Honeywell has introduced IntuVue which is a general weather detection system based on flight path data with constant updates of the latest hazard assessments provided on the display screen. The system also improves cockpit efficiency by virtually eliminating ground clutter via an internal terrain database which also automatically corrects for the earth’s curvature, to ensure the clearest, most accurate view of the weather ahead.
As the first system certified to the FAA’s Minimum Operational Performance Standard (MOPS) for enhanced turbulence detection, pilots will be informed of air turbulence and have the ability to make safer, more informed route decisions. This advanced protection has demonstrated a more than 45 percent reduction in turbulence related incidents.
Wind shear detection and alerting systems compare inertial accelerations with air data information to provide a wind shear encountered warning. By utilizing angle of attack and flight path angle instead of pitch angle in the calculation, the system will be responsive to vertical as well as horizontal shear conditions. An enhanced version of the system is also compensated for roll with the angle being derived from the rate of change of heading. The alerting system is capable of providing visual and aural warnings for a variety of wind shear conditions, such as, head shear, tail shear, head shear followed by tail shear and wind shear trend. The warning system is also capable of providing a wind shear warning which is a function of the radio altitude of the aircraft.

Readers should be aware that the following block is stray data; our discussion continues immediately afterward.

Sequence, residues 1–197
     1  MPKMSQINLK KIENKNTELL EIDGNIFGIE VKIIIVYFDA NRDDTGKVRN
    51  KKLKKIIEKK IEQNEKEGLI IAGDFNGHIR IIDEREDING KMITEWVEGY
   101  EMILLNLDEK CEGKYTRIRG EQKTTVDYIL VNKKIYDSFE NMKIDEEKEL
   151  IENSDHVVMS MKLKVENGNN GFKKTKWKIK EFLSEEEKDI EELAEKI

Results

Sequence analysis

Enhanced ground proximity warning systems (EGPWS) frequently have the ability to sense and alert flight crews to a wind shear event. Knowing local terrain information coupled with radio altitude and vertical navigation enabled rapid and accurate recognition of vertical micro-bursts. Like most systems incorporating digital technology, built-in diagnostics will alert flight crews and maintenance personnel in the event of system degradation or failure.
Advisory Circular 120-41 is available at the FAA.gov web site and provides criteria for the design of wind shear detection systems which includes wind tables and relative elevations.
In short, the one major difference between reactive and predictive wind shear systems: the normal procedure for a reactive alert is an execution of an escape maneuver while an advance warning will enable the crew to initiate an orderly change of the flight path.
Technology does provide several means for contending with microburst but the most basic rule for wind shear avoidance is “Takeoffs are optional. Landings are mandatory.”
Jim Sparks has been in aviation for 30 years and is a licensed A&P. His career began in general aviation as a mechanic, electrician, and avionics technician. Currently when not writing for AMT, he is the manager of aviation maintenance for a private company with a fleet including light single engine aircraft, helicopters, and several types of business jets. You can reach him at firstname.lastname@example.org.